Author Archives: Kirbi Phillips

Festejo Dance

In an interview with my old dance teacher, he describes the traditional Peruvian Festejo Dance:

Interviewer: “What is one of the most famous dances in Peru?”

Informant: “Festejo is definitely one of the most popular dances because it’s so festive and has a good rhythm.   There’s a lot of African influence in the dance so the music is very procession heavy and theres a lot of movement in the hips.  One of the best parts of the dance is that it can be performed in a pair or in a big group, so it’s perfect for festivals and big celebrations!”

Interviewer: “What are the traditional costumes like?”

Informant: “Traditionally the women wear big colorful skirts and blouses and the men wear either colorful pants or a colorful shirt.  The major colors are the colors on the Peruvian flag: red, white, blue, and green.”

Interviewer: “What kind of music do they dance to?”

Informant: “It’s Afro-Peruvian music so there’s a lot of percussion.  The cajon box drum is an especially popular instrument to use when making music for Festejo dancing.”

Interviewer: “What are the origins of this dance?”

Informant: “It was brought over with the African slaves which sparked the African influence over Peruvian culture.  At first, the slaves were discriminated against and their culture was not blended with Peruvian culture until the 1950s when Peru wanted to distance themselves from their Spanish influence and create their own culture.”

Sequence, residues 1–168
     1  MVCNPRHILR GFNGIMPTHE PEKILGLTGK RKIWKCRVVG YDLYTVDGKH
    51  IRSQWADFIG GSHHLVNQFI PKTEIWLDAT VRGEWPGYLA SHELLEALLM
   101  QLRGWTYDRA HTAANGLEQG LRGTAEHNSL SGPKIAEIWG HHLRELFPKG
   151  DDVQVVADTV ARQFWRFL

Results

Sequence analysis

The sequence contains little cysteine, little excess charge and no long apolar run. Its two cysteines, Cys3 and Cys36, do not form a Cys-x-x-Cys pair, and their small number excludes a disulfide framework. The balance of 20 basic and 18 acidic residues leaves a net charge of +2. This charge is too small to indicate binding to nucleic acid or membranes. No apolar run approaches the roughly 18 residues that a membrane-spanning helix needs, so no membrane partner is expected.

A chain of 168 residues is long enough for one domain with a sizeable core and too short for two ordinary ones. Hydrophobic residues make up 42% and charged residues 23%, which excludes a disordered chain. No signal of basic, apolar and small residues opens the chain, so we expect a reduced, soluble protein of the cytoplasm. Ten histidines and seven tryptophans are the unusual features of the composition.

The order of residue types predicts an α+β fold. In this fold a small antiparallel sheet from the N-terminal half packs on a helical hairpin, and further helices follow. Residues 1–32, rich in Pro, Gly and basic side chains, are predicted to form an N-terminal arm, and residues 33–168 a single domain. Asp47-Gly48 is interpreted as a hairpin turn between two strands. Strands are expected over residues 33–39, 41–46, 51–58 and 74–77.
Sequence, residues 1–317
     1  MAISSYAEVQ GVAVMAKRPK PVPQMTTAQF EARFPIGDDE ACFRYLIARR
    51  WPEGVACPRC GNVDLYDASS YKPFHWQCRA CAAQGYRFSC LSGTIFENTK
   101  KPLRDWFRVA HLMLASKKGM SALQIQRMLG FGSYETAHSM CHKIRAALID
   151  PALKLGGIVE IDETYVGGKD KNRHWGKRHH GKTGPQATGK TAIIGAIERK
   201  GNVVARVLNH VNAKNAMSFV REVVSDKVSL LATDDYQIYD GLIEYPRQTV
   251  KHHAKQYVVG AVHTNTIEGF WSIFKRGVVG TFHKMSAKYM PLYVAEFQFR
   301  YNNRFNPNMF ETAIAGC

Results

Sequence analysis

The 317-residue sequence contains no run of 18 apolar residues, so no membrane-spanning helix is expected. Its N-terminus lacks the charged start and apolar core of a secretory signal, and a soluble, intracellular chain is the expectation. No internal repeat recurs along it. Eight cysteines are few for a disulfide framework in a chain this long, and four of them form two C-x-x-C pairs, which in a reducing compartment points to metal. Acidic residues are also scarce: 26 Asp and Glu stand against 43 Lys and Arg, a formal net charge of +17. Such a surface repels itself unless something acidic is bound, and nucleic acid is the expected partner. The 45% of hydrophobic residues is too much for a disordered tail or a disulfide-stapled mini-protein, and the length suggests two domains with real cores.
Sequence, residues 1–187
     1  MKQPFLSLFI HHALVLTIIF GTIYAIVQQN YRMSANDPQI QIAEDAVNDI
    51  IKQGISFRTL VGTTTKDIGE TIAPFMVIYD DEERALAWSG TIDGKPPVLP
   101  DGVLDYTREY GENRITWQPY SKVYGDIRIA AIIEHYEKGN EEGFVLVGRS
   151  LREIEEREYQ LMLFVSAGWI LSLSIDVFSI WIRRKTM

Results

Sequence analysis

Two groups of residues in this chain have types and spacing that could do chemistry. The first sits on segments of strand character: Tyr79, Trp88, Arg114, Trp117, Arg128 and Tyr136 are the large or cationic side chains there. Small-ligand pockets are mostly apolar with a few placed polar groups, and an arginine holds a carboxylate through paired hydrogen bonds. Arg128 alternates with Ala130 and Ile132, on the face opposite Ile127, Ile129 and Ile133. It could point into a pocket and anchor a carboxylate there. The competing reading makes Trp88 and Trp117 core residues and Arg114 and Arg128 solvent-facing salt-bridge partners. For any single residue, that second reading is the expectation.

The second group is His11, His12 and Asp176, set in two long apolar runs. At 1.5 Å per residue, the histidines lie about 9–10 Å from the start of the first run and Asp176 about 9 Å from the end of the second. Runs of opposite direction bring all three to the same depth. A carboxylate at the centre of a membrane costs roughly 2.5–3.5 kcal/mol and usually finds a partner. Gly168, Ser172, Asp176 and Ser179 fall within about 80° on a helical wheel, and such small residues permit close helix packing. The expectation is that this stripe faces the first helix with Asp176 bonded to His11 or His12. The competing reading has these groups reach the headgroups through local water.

Interviewer: “How did you learn about this type of dance?”

Informant: “My friend from Peru taught it to me.”

Analysis: The history of the Afro-Peruvian dance also shares the history of the Peruvian people and the immigration patterns of the area. This piece of folklore is important because it demonstrates how much of an influence African culture has on the region and how it did not have much of an influence until after 1950.  I especially enjoy this piece of folklore because I love dance and learning about how dance influences culture and vice versa.

Rosemary Herb as Medicine

In the following interview, a energy worker and herbal and flower essence specialist explains the significance of the rosemary herb:

Interviewer: “What is one of the main herbs you suggest to your patients?”

Informant: “Rosemary is an herbal staple.  It’s a grounding herb that helps your spirit stay connected to your physical body especially during stressful and challenging situations”

Interviewer: “How do people use Rosemary?”

Informant: “You can rub the herb on any part of your body to make you feel more grounded, especially the forehead and in the palms.  Rosemary can also be ingested which will have the same effect”